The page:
Everyone knows them, nobody likes them. We are talking about the frown line - that small crease that appears in pairs between the eyebrows when we are angry (hence the name), or when we frown. From an anatomical point of view, a muscle with the complicated name "Musculus corrugator supercilii" is responsible for this. This muscle pulls diagonally downwards from the middle of the eyebrows towards the nose and is responsible for drawing the eyebrows together towards the middle. When we look grim and pull our eyebrows together, we are using this muscle. If we do this too often, however, small skin wrinkles occur because the skin is moved along with the muscle. This naturally takes years to decades, so it's no wonder that wrinkles are commonly referred to as signs of aging. Since the corrugator supercilii muscle is placed in pairs under both eyebrows, not just one but two wrinkles develop, which are collectively referred to as frown lines. In addition to the vertical frown fold, there can also be a horizontal, i.e. transverse frown fold, which, however, is caused by another muscle, the M. depressor supercilii. A horizontal frown line is less common, however, but can appear when the soft tissues of the forehead also sag.
The causes of frown lines are of natural origin. Over time, our skin wears out, that Connective tissue becomes weaker, and Environmental influences like sun, wind and cold do the rest. The skin ages. Like leather, our skin wears off and wrinkles - a natural process that many people absolutely want to stop in order to retain a piece of youthfulness. In addition to the natural signs of aging, however stress, and an unbalanced lifestyle accelerate wrinkling. A lot can be inferred from the name "frown lines" about the possible causes. Weak connective tissue or neurological disorders such as tics can also promote wrinkles.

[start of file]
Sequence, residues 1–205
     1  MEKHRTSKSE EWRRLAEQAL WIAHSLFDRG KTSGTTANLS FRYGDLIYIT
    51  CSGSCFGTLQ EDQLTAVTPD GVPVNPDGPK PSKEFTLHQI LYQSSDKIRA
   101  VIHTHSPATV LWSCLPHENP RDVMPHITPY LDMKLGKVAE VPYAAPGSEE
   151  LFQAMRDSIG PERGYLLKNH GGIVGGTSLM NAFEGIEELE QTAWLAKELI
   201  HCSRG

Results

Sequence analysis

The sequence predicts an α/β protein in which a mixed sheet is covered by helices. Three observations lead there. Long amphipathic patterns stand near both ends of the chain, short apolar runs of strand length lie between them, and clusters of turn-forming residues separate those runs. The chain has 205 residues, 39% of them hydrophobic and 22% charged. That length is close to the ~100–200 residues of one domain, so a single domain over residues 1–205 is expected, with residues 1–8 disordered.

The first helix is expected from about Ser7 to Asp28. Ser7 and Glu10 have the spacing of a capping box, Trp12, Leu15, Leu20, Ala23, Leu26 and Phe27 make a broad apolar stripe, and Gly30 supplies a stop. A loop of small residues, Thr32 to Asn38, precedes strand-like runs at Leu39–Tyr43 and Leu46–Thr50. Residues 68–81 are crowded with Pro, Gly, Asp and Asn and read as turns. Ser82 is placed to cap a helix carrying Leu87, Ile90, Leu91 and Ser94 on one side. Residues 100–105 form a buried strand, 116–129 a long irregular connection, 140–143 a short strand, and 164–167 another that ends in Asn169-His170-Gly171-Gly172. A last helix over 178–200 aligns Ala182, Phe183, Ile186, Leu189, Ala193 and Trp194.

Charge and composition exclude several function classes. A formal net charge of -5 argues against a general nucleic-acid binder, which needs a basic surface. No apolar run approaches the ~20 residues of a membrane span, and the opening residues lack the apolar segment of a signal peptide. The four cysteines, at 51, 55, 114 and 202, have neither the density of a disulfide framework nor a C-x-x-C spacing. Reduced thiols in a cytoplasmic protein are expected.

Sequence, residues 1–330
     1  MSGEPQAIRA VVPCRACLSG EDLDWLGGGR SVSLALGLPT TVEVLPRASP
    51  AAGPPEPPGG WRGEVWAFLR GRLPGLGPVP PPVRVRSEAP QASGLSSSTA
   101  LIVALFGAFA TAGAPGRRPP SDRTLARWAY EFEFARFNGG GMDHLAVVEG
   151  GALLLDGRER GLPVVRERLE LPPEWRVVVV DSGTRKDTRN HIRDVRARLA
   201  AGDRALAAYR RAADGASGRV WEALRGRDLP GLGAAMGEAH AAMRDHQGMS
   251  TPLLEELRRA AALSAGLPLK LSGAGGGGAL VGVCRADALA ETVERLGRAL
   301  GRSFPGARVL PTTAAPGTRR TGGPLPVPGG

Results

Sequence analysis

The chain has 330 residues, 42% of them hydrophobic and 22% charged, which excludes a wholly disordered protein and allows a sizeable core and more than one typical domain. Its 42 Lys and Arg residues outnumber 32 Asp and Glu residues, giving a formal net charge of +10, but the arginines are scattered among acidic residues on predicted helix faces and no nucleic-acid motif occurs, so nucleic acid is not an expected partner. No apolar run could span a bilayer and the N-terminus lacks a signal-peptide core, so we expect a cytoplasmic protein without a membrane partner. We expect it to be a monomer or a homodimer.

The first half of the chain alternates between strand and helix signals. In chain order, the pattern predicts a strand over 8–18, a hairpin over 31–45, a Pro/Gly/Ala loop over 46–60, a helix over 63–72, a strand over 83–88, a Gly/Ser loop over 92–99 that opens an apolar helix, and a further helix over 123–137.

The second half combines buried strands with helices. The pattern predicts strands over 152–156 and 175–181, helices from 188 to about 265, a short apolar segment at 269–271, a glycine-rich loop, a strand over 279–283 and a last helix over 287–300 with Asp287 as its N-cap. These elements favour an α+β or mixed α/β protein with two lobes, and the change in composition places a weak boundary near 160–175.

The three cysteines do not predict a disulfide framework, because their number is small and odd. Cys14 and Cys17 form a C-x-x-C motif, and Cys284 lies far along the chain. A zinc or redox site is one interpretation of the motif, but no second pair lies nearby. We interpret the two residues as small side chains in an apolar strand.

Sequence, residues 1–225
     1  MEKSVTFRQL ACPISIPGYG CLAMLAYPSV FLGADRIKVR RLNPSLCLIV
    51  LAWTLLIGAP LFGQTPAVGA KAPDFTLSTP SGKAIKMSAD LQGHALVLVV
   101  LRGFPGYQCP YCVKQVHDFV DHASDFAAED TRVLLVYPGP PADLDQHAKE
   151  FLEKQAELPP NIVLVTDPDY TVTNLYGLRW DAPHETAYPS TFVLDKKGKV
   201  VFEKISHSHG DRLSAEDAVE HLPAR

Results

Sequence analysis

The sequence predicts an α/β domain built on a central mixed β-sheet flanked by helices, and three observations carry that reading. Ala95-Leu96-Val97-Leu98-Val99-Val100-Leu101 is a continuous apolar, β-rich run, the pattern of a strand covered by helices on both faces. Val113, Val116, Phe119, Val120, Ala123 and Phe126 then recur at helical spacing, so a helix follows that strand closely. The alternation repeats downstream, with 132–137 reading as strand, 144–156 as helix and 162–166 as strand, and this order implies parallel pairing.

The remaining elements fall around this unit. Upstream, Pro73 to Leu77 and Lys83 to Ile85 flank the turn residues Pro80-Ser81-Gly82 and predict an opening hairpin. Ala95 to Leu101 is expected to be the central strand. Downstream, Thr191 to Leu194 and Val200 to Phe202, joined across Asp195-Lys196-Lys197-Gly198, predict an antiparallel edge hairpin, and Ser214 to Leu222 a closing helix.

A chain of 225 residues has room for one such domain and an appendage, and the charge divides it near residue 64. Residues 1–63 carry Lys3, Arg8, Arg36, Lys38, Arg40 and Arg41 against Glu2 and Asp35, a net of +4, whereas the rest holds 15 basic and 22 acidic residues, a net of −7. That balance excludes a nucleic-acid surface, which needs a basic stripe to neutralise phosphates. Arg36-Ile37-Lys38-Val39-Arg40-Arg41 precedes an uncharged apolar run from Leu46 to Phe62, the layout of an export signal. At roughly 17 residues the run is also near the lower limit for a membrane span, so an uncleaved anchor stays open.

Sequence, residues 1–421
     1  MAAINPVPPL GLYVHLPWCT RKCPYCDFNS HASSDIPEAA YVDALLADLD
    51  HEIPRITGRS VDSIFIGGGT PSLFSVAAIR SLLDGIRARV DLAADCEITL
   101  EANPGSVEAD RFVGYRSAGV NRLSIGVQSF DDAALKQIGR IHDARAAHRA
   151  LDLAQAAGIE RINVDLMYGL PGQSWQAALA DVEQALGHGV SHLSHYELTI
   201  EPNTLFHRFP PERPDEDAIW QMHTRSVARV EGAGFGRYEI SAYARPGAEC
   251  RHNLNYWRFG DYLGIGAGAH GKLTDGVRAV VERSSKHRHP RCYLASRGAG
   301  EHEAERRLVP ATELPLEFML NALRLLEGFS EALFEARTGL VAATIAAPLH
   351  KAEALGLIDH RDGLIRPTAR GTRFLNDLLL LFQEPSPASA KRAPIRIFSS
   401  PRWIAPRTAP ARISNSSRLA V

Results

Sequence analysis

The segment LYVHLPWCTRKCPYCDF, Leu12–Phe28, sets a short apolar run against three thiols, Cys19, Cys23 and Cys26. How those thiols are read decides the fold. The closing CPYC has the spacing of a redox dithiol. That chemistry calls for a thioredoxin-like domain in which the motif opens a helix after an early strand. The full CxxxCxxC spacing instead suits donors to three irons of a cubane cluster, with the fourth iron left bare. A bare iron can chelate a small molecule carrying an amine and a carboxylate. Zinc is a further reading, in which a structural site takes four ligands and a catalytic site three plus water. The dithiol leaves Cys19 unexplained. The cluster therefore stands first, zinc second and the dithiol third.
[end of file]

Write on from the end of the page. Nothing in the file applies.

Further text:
The frown line is not a disease or a symptom that requires treatment in the true sense of the word. Therapy is purely cosmetic. While many people see wrinkles as a natural sign of the times, others want to get rid of them as quickly as possible. The drug of choice for treating wrinkles is now the neurotoxin botulinum toxin, a trade name Botox. Botox works on the transmission between nerve cells and muscle cells. It blocks the release of the neurotransmitter acetycholine in the synaptic cleft, and thus prevents muscle contraction. If there is no muscle contraction, the skin is not wrinkled, it looks smooth and taut - exactly the result that one hoped for.
However, botox also has a number of disadvantages. On the one hand, the application repeated every few months as the effects of the neurotoxin wear off. This is always associated with costs, and the dose may then have to be increased further. Furthermore, botulinum toxin is currently the case deadliest poisonwhich is known to man. Statisticians claim that a fingernail-sized dose would be enough to kill the entire world's population. Botox is applied in nanogram doses, i.e. in the billionth of a gram. Slightly increased doses, or even setting off a tens digit, can have fatal consequences. Cases of doctors, or even self-appointed doctors, are repeatedly known who have caused permanent damage to their patients, including death. It is therefore particularly important to consult a qualified, experienced doctor and not always directly accept the cheapest offer. A Botox treatment in Germany costs 150 to 250 € per session, depending on the region.
Other names for the "frown lines" are also Thinker butterfly and, in medical jargon, "Glabellar fold". While “frown lines” admittedly doesn't sound particularly flattering, thinker's wrinkles and glabellar lines sound much more graceful. A short-term removal of frown lines by means of Botox also always harbors the danger of giving the face a certain "mask-like character", since certain facial movements are no longer possible. This should always be considered before a botox therapy. In Germany, due to the easy accessibility and the comparatively low costs, a real shopping trend towards "small" repairs to the body has developed. Every intervention on the body - no matter how small - involves dangers and should be carefully considered.